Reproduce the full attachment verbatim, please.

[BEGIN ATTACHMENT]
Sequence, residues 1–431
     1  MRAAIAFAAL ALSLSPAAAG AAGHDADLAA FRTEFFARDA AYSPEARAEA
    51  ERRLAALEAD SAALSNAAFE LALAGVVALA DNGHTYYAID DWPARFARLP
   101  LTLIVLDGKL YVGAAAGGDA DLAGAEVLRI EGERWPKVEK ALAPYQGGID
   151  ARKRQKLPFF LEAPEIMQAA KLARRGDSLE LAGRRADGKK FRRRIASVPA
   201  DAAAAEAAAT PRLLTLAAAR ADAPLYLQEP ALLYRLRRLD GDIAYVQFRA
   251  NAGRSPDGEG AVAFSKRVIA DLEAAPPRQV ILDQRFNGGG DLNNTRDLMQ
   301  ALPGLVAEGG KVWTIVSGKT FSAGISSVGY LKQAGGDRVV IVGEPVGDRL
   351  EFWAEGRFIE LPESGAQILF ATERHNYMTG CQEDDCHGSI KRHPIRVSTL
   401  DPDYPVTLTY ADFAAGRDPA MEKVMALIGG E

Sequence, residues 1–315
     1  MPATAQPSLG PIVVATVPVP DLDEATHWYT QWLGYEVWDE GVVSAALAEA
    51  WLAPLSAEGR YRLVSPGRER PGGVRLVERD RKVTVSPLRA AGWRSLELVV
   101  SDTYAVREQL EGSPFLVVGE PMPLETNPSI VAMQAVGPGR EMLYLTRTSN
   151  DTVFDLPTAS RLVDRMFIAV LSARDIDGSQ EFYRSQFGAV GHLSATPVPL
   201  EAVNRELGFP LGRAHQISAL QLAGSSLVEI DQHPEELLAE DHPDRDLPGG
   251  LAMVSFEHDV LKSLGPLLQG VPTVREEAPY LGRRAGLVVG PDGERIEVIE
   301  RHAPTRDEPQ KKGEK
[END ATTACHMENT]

Sequence, residues 1–431
     1  MRAAIAFAAL ALSLSPAAAG AAGHDADLAA FRTEFFARDA AYSPEARAEA
    51  ERRLAALEAD SAALSNAAFE LALAGVVALA DNGHTYYAID DWPARFARLP
   101  LTLIVLDGKL YVGAAAGGDA DLAGAEVLRI EGERWPKVEK ALAPYQGGID
   151  ARKRQKLPFF LEAPEIMQAA KLARRGDSLE LAGRRADGKK FRRRIASVPA
   201  DAAAAEAAAT PRLLTLAAAR ADAPLYLQEP ALLYRLRRLD GDIAYVQFRA
   251  NAGRSPDGEG AVAFSKRVIA DLEAAPPRQV ILDQRFNGGG DLNNTRDLMQ
   301  ALPGLVAEGG KVWTIVSGKT FSAGISSVGY LKQAGGDRVV IVGEPVGDRL
   351  EFWAEGRFIE LPESGAQILF ATERHNYMTG CQEDDCHGSI KRHPIRVSTL
   401  DPDYPVTLTY ADFAAGRDPA MEKVMALIGG E

Sequence, residues 1–315
     1  MPATAQPSLG PIVVATVPVP DLDEATHWYT QWLGYEVWDE GVVSAALAEA
    51  WLAPLSAEGR YRLVSPGRER PGGVRLVERD RKVTVSPLRA AGWRSLELVV
   101  SDTYAVREQL EGSPFLVVGE PMPLETNPSI VAMQAVGPGR EMLYLTRTSN
   151  DTVFDLPTAS RLVDRMFIAV LSARDIDGSQ EFYRSQFGAV GHLSATPVPL
   201  EAVNRELGFP LGRAHQISAL QLAGSSLVEI DQHPEELLAE DHPDRDLPGG
   251  LAMVSFEHDV LKSLGPLLQG VPTVREEAPY LGRRAGLVVG PDGERIEVIE
   301  RHAPTRDEPQ KKGEK